Microsoft forges ahead with 'Prajna' big-data analytics framework for cloud services

Microsoft Research is working on an open-source distributed analytics platform, codenamed Prajna, that is similar to Apache Spark, and meant for building distributed cloud services.
Written by Mary Jo Foley, Senior Contributing Editor

Ever since the One Microsoft reorg, the Redmondians have had an affinity for codenames and concepts that include the word "One."

Examples: OneSync, OneCore, OneStore, OneGet ... and OneNet.

OneNet may be new to some, though it seemingly has been in development for a year or more. Recently, Microsoft changed the OneNet codename to "Prajna."

Prajna/OneNet is a Microsoft Research project that's about building a distributed functional-programming platform for those wanting to build cloud services that make use of big-data analytics. That's a lot of buzzwords in one sentence. Let me try to dissect it a bit.

Prajna is the main project in development by Microsoft Research's Cloud Computing and Storage (CCS) group. From the description on that group's Web page:

"Currently, the main project of the CCS is Prajna, an open sourced distributed platform for building cloud service and interactive big data analytics. Prajna can be considered as a set of SDK(s) on top of .Net that can assist a developer to quickly prototype cloud service, and write his/her own mobile apps against the cloud service. It also has interactive, in-memory distributed big data analytical capability similar to Spark."

Like Hadoop, Apache Spark is an open-source big-data framework that can handle sophisticated analytics. Spark can be used for batch processing, streaming, interactive queries, and machine learning workloads, but does not provide its own distributed storage system. Hadoop and Spark don't perform exactly the same tasks and can actually be used together in certain cases.

The "functional programming" component of Prajna has to do with F#, the .Net functional programming language. As a recent Microsoft job posting notes, though Prajna is written in F#, it's consumable in any .Net language.

"Prajna offers real-time in-memory data analytical capability similar to Spark (but on .Net platform), but offers additional capability to allow programmer to easily build and deploy cloud services, and consume the services in mobile apps, and build distributed application with state (e.g., a distributed in-memory key-value store)," that job posting adds.

An abstract written by the head of the Prajna project noted that Prajna/OneNet, like Spark, is a distributed functional programming platform. However, the Microsoft team claims that Prajna is pushing the distributed functional programming model further than Spark does by "enabling multi-cluster distributed programming, running both managed code and unmanaged code, in-memory data sharing across jobs, push data flow, etc."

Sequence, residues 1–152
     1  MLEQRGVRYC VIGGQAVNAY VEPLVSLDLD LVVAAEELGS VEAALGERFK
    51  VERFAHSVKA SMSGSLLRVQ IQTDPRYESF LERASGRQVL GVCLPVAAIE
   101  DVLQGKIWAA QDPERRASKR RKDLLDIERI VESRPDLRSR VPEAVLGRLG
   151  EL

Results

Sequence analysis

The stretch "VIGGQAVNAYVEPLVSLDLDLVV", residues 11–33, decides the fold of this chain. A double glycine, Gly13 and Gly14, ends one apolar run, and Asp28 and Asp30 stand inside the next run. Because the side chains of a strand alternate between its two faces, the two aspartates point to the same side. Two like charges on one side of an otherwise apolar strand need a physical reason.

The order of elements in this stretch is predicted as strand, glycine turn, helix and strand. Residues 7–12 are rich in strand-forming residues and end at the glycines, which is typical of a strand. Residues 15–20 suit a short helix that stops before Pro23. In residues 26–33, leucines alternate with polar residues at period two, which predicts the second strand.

Jin Li, the head researcher on Prajna, wrote: "I believe that OneNet is more flexible and extensible than Spark, and will revolutionize how high performance distributed program is build inthe future."

For those interested, here's the Github repository for Prajna.

Prajna isn't Microsoft's first foray into distributed computing frameworks. Other Microsoft Research projects that have tackled programming distributed systems include DryadLINQ, Naiad and Orleans. Earlier this year, Microsoft made the Orleans code open-source.

Speaking of SCOPE, there was an interesting mention during Microsoft's Cortana Analytics Workshop in Redmond last week about Cosmos, Microsoft's big-data computation, analysis and storage service. Though Cosmos is not currently an externally facing (and paid) service available outside Microsoft, the company is planning to make it one, I've heard from my sources.

At last week's workshop, a Microsoft Technical Fellow and big-data engineering leader told attendees that Microsoft is still planning to make Cosmos available to those outside the company. (See the tweet from an attendee above.)

Cosmos consists of a number of piece parts, including the "Kona" analysis engine, the "Cabo" storage engine and a SCOPE-derived SQL-friendly language known as SQL-IP. Microsoft officials declined to say, when I asked, when the company planned to make Cosmos a commercially available Azure service.

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